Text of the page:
Neil Humphreys: Only Lionel Messi can fix Man City mess
Guardiola can't win in Europe without the Argentinian talisman
As the years pass, Pep Guardiola and Lionel Messi really are turning into the Lennon and McCartney of football.
They are rarely off-key. They can still put together a greatest hits package to rival anyone. But they only made the purest, sweetest music when they were together. Both have flourished with different line-ups, but something was always missing - the other man.
Just as Lennon's abrasive style offset McCartney's more saccharine approach in The Beatles, Messi's instinctive play balanced Guardiola's tendency to overthink tactics at Barcelona.
In the Champions League, Guardiola still insists on ticking every box, as witnessed in Manchester City's 3-1 loss against Lyon yesterday morning (Singapore time).
But Messi doesn't fit in a box. He is the box. Teams are built around him.
When that doesn't happen, the structure implodes, as witnessed in Barcelona's 8-2 defeat by Bayern Munich on Saturday.
The two men have never needed each other more.
Messi is an ageing genius in search of a settled side. Guardiola is in dire need of a prodigious talent capable of overcoming his unsettled mind in Europe.
Watching the demise of both Barcelona and City over the weekend was rather like listening to the solo work of both Lennon and McCartney. There were a couple of decent moments from Messi and Guardiola, but nothing to challenge their previous work together.
The writing has been on the wall for years now.
In Messi's case, Barcelona's insistence in following Real Madrid's archaic galacticos' model and signing the likes of Neymar, Philippe Coutinho, Ousmane Dembele and Antoine Griezmann hasn't worked.
Paying exorbitant fees for brand names in the vague hope that all the pieces might fit around the omnipresent Messi smacked of desperation and corporate greed.
After Guardiola assembled the greatest club side in living memory, Barca became fixated with the profit potential of individual superstars once he left.
An angry, disillusioned Messi has felt more like an ATM than an artist as his myopic boardroom neglected a weakening squad.
Ironically, the exact opposite applies at City. While Barca chipped away at their heritage, City tried to buy one at any cost.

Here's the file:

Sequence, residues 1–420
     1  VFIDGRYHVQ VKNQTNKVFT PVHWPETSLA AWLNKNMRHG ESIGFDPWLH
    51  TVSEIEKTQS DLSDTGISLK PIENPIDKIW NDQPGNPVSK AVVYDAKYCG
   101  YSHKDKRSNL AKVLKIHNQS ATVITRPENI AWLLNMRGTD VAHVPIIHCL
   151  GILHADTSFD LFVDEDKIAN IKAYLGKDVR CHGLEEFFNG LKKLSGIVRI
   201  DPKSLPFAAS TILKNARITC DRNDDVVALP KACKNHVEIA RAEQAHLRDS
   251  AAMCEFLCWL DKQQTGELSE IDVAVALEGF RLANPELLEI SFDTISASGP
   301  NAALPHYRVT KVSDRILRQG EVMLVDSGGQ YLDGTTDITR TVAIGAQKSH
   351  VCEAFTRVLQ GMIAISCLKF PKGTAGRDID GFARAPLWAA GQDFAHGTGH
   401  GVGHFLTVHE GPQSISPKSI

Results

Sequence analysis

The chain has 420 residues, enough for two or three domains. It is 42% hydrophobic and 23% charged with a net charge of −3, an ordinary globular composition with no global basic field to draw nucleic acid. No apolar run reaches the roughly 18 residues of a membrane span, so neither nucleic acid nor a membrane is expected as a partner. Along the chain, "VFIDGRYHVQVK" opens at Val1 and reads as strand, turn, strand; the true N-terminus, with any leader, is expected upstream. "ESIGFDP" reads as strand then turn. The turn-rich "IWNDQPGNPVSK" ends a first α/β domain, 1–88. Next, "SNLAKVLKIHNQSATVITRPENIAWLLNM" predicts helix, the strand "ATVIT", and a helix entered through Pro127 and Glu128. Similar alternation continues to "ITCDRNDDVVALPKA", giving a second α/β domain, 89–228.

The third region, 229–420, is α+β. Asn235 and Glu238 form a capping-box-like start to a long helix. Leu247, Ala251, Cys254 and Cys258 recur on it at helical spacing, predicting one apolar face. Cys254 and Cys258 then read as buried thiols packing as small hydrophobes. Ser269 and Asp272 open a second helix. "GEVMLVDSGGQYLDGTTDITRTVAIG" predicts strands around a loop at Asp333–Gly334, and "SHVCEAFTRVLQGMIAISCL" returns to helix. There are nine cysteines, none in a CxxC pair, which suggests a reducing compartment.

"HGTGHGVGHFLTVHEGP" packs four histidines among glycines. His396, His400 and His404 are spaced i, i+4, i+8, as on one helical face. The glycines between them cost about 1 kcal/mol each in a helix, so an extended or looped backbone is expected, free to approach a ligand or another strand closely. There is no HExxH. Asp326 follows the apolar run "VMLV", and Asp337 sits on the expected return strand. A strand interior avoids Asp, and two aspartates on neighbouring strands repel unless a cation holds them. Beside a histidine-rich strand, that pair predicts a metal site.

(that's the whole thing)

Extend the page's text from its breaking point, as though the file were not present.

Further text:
Money is no object. City's owners hired Guardiola and assembled a billion-dollar squad to give them what Barcelona have taken for granted for decades: global recognition, prestige and heritage. And that lot only comes with the Champions League.
PEP'S WORST ENEMY
Unfortunately, their manager has become his worst enemy in Europe, second-guessing himself so often that he has lost the way to the final.
Guardiola's bizarre tactics against Lyon betrayed a haunted man incapable of making a rational decision. If he found himself in a Champions League room filled with open doors, he'd still walk into a wall. He cannot see clearly any more.
The weight of expectation has clouded his judgment. The Spaniard has over-thought and underwhelmed in the knock-out stages since Chelsea shocked Barcelona in 2012.
When he was in charge at Bayern in 2014, Guardiola told his players to drop their usual, considered approach for all-out attack against Real. Guardiola later said the 4-0 defeat was the "biggest f*** up of my life as a coach".
There is stiff competition.
Last season, City closed shop against Tottenham Hotspur, handing the attacking initiative to the inferior Londoners. In 2018, he squeezed his midfield against Liverpool and suffocated City's creativity.
Against Lyon, he picked a shaky back three, threw in a couple of defensive-minded midfielders and left a pair of Silvas and Phil Foden on the bench.
Guardiola wasn't just wary of his French opponents. He revered them. Less respect was given to Marlon Brando in The Godfather.
And it's proving a hard habit to break. A manager renowned for his attacking impulses in domestic competitions feels compelled to rein in his most attacking talents in the Champions League.
Such a schizophrenic tactical approach goes back a decade. Guardiola hasn't reached the final since 2011. He hasn't taken City past the quarter-finals in four attempts. He seems incapable of controlling his most controlling tendencies.
But he can't control Messi. No one can. Nor would Guardiola drop Messi for a Champions League quarter-final, whatever the circumstances.
At 33, Messi knows he'll never reach another Champions League final with Barcelona. At 49, Guardiola knows that an elite coaching cycle rarely extends past a decade for even the most gifted of managers.
Time is not a friend to either man, but they may still have each other.
Lennon and McCartney never reunited in the end, but Messi and Guardiola could yet give us one more hit as long as they come together, right now.